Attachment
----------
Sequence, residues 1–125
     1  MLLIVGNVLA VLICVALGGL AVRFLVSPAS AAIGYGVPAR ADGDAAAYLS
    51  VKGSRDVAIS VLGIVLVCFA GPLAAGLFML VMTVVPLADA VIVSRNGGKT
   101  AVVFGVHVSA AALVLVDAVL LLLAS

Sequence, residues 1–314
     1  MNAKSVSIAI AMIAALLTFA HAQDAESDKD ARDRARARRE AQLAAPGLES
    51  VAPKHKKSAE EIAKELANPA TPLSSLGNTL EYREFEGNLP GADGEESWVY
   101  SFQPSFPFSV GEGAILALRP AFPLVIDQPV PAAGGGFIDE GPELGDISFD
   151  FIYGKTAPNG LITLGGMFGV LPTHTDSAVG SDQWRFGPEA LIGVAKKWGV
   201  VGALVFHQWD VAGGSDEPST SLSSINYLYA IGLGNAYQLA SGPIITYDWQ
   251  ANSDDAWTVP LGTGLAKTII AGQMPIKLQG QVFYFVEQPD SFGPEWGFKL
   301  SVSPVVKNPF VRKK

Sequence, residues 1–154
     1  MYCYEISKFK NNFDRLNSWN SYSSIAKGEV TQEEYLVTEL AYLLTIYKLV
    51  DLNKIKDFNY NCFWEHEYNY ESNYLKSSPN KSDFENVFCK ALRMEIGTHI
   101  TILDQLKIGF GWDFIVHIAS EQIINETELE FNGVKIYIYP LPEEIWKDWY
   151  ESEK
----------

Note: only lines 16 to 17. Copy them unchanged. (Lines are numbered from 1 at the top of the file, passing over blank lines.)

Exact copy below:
   101  TILDQLKIGF GWDFIVHIAS EQIINETELE FNGVKIYIYP LPEEIWKDWY
   151  ESEK